For every generation, there's a gap between what was and what will be. Trends within the publishing world are no exception. In order to provide useful tracking into the wide world of media news, the following is a round up of top 10 topics that have industry professionals talking. Half the Tech it Used to Be?: 2000 was a banner year for Microsoft, but getting too big for corporate britches made the federal government stand up and take notice. The controversial question beckoned: To divide or not to divide one of the world's largest technology empires ever? After much dispute and even more pokes

Recession 101- What Every Publisher Should Know
January 15, 2001

No one's officially said the "R" word yet, but last week, the Federal Government decreased interest rates by a surprising .5 percent, pleasing many consumers, but worrying publishers after a modest fourth quarter in 2000. Alan Greenspan, chairman of the Federal Reserve Board, admitted recently that by the end of January, he will reconvene with the Federal Open Market Committee to discuss further plans to manipulate interest rates should the effect on last week's efforts offer a stalemate. Committee research shows that higher-than-average energy prices and a decline in construction are two important factors to watch this month. As the result of the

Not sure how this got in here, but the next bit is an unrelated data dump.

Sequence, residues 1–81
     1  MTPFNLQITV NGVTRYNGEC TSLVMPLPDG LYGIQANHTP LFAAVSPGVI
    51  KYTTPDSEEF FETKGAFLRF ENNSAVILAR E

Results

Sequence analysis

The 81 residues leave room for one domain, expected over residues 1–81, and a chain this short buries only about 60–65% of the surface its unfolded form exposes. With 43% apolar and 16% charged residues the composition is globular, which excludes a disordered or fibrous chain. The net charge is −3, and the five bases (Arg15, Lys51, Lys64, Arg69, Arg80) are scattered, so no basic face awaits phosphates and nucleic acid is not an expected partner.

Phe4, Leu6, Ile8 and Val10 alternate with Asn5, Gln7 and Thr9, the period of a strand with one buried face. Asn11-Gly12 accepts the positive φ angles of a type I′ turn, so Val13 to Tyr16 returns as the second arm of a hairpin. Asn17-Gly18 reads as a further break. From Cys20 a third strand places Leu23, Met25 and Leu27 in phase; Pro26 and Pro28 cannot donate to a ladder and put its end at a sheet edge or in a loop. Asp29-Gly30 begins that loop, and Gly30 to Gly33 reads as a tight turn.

Going Global
January 1, 2001

Viva la Vogue? It's a small world after all for magazine publishers bravely breaking international barriers with global editions of popular magazines and multilingual periodicals. With the Latin American population increasing its buying power throughout the United States, more publishers are investing in multilingual publishing ventures around the country. Taking their cues from the music business, which shows hugely successful signs of Hispanic invasion on the pop charts, as well as television and radio ventures hosting entire networks dedicated to Spanish language programming, magazines are also getting double runs for their monies. Recently, New York City-based Condé Nast Publications acquired

Newsweek's eLife Goes Quarterly
December 1, 2000